From its earliest days, Albany supported a number of brewers who brewed and sold beer to their neighbors and to those living in the countryside as well. riverside  brewery of Albert Janse Ryckman - 1686 Brewing was an important part of the early Albany community economy. During the seventeenth and eighteenth centuries, a number of individuals practiced the brewer's craft. We know the most about the most successful!

Brewing seems to have been a family-based enterprise. The Gansevoorts, Ryckmans, and Visschers were prominent, long-term Albany brewers whose family prospered in the business.

Bastian T. Visscher was an Albany/Rensselaerswyck brewer of the middle part of the eighteenth century. He was one of five brewers identified on the Albany census of 1756.

Others continued to brew beer for personal consumption or limited distribution. Philip Van Rensselaer's south Albany estate included a "brew house."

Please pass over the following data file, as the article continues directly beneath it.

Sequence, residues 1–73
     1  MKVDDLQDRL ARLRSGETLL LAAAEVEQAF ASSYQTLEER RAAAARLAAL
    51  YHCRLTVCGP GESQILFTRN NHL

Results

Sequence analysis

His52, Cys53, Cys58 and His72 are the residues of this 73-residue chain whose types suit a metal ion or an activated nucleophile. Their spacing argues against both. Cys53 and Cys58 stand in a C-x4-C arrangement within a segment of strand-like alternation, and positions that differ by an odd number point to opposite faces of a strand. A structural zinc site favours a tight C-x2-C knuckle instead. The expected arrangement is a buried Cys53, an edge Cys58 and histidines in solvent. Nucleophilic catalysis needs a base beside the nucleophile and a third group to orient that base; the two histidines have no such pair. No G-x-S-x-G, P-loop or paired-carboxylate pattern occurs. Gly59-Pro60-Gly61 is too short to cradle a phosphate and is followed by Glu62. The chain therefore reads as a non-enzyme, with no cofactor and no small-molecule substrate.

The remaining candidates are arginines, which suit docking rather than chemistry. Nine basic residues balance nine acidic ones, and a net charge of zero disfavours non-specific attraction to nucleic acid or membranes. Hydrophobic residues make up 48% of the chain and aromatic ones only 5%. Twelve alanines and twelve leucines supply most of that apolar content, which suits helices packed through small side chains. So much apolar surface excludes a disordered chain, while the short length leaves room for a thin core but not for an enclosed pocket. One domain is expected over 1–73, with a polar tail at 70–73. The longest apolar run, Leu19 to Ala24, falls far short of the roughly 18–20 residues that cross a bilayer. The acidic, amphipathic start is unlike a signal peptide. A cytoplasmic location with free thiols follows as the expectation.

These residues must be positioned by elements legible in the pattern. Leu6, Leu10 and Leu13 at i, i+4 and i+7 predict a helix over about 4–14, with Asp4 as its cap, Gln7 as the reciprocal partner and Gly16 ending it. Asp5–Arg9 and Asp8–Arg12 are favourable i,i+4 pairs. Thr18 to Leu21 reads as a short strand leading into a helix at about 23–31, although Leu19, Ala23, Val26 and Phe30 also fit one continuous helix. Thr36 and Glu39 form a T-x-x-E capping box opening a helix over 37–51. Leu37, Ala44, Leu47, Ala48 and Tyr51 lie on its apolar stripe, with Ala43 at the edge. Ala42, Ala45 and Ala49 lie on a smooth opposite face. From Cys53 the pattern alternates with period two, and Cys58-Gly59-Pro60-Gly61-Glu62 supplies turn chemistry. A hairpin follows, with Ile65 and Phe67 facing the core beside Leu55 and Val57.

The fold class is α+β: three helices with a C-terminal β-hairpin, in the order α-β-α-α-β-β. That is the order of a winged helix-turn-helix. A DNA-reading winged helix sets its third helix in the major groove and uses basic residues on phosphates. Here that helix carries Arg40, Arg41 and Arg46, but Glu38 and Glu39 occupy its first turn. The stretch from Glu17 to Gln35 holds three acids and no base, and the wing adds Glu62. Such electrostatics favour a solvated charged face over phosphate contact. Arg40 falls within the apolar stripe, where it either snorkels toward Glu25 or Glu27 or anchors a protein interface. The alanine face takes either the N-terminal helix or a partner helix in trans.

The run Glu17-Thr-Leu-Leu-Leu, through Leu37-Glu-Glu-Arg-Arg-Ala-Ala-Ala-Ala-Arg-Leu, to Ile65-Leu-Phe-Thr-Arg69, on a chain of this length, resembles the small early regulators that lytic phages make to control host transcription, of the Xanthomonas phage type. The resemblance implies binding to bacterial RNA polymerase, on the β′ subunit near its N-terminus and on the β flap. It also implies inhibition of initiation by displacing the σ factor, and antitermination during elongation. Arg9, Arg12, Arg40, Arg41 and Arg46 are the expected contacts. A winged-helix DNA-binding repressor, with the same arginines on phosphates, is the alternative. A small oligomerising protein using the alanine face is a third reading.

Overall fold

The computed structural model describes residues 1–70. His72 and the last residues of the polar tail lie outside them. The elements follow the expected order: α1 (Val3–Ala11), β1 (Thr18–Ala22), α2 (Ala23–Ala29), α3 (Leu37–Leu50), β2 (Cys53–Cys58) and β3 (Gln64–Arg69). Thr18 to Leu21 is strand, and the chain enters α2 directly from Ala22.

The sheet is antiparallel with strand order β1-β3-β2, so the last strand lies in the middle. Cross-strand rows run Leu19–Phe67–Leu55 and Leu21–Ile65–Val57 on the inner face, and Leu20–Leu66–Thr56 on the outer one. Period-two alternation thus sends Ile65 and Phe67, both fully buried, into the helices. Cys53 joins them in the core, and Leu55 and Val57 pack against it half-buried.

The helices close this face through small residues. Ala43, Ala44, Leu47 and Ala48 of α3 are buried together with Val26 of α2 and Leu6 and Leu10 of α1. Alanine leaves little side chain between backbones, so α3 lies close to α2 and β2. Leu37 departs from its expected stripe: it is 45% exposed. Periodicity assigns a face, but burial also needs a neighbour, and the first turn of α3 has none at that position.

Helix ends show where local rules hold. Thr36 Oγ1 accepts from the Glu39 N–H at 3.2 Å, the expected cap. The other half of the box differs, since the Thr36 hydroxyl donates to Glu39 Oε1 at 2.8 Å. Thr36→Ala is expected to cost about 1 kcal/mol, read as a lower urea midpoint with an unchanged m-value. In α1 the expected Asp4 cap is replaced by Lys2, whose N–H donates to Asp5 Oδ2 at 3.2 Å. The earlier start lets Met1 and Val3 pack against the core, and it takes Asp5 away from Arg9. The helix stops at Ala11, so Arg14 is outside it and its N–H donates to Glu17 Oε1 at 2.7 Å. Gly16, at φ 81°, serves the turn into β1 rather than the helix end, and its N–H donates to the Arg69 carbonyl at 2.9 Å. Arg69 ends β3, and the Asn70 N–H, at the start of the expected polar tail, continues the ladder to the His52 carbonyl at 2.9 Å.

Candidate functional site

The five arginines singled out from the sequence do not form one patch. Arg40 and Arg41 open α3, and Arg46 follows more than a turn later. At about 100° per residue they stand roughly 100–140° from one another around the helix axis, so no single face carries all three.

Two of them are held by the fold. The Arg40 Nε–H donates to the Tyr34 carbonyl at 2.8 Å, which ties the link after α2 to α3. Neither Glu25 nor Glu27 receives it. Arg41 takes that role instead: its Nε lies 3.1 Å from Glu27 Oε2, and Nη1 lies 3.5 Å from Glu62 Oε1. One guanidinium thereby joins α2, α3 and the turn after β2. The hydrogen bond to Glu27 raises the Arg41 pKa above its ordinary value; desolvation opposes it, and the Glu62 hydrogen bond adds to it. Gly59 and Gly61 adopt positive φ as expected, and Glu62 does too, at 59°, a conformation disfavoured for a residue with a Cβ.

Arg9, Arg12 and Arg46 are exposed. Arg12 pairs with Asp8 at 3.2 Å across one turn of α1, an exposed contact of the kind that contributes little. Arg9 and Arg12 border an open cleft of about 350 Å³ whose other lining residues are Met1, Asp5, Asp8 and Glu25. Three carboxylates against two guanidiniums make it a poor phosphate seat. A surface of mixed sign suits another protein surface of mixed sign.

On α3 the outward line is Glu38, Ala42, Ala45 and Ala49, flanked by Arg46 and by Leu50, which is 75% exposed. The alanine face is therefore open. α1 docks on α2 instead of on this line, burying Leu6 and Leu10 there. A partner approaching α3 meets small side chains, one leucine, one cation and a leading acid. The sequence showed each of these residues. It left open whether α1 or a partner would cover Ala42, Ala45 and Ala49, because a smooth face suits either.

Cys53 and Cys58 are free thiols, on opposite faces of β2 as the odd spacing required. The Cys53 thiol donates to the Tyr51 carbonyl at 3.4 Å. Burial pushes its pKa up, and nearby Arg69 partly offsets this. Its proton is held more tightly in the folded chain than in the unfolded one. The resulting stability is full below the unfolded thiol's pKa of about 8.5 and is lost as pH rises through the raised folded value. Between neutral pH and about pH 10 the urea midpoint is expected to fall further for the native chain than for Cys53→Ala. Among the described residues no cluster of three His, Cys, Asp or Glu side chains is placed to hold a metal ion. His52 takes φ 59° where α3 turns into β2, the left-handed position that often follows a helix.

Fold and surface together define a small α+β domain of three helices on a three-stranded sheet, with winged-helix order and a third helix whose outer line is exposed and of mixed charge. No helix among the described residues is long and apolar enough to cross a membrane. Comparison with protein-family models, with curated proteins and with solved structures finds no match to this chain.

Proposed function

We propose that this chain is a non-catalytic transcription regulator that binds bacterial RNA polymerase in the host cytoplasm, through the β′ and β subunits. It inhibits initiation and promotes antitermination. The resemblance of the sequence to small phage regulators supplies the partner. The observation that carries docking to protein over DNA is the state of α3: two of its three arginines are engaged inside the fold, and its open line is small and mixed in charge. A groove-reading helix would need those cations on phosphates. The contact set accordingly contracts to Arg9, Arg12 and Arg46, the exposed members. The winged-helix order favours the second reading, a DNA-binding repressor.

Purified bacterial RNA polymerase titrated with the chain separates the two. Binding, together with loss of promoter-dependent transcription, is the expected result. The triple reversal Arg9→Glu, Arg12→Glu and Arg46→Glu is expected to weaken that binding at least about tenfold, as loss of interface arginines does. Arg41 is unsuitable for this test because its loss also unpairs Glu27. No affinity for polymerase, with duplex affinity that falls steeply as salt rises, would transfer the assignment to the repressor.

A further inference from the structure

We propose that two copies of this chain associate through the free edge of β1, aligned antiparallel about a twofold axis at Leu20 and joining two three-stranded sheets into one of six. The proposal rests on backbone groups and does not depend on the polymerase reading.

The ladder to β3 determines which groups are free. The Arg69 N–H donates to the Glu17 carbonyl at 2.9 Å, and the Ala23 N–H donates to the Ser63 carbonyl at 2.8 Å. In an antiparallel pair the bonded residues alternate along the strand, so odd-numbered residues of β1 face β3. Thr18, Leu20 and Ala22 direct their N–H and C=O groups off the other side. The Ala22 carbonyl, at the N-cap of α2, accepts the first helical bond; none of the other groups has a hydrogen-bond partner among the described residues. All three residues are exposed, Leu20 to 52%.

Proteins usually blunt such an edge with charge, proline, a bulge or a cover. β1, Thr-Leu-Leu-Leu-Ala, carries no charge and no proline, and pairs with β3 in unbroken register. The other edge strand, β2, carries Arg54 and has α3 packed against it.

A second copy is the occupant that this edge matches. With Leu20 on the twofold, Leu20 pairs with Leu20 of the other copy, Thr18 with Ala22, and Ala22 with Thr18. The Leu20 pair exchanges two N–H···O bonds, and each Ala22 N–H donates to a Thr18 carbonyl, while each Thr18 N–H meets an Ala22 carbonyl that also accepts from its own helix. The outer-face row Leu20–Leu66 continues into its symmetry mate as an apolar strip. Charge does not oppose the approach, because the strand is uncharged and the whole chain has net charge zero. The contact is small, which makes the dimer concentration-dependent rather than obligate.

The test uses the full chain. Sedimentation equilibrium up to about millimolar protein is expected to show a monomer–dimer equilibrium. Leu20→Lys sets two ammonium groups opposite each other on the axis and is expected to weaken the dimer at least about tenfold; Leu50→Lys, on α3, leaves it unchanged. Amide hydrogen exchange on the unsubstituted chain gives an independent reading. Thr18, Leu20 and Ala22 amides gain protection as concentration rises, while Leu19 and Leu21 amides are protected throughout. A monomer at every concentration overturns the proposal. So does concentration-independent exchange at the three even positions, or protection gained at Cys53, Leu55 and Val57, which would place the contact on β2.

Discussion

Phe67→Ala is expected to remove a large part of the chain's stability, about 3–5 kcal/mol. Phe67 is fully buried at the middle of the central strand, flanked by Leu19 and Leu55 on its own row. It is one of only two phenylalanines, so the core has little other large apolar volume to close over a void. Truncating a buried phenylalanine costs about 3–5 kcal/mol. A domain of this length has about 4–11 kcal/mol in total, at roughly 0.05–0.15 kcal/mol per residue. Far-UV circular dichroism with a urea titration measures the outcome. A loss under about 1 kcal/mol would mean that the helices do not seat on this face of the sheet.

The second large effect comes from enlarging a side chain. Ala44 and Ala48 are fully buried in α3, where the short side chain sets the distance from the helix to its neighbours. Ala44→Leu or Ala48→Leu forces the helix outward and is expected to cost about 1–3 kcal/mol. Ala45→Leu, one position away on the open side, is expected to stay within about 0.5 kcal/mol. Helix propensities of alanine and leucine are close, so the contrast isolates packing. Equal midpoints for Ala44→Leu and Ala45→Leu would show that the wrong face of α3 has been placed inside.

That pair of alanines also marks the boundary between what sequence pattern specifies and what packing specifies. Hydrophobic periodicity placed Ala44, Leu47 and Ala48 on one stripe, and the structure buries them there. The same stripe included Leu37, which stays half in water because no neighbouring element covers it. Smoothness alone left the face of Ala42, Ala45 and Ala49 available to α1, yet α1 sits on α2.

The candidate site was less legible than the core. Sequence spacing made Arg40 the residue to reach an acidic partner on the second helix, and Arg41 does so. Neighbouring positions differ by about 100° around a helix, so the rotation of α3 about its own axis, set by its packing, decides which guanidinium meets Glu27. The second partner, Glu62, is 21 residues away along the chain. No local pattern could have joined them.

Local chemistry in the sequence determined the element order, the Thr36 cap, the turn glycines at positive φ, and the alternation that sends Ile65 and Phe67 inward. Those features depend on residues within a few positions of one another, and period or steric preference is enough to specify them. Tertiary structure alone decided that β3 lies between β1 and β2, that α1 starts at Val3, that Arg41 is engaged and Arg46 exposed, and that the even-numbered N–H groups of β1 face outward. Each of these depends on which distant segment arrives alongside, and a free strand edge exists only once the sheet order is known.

For a time in the eighteenth century (and possibly earlier), Market Street was referred to as "Brewer's Street."

Brewing became an important industry in Albany during the nineteenth century. Distilling and wine-making should be considered separately.

A number of online resources further describe the process!

Following extensive fieldwork, we have learned that local brewing is again on the rise with several microbreweries operating in Albany today. This search engine will lead you to advertising.

This exposition is in its infancy! It has not been advertised. At this point, it is included only to sustain live links.



Sources: Ultimately, this discussion will be based more on verifiable (project identified) information on brewing during the 17th and 18th centuries in what became the city of Albany. This online posting (and all offerings by the Albany Ale Project) appear to be an excellent places to begin..

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silently posted 8/10/03; last updated 6/21/14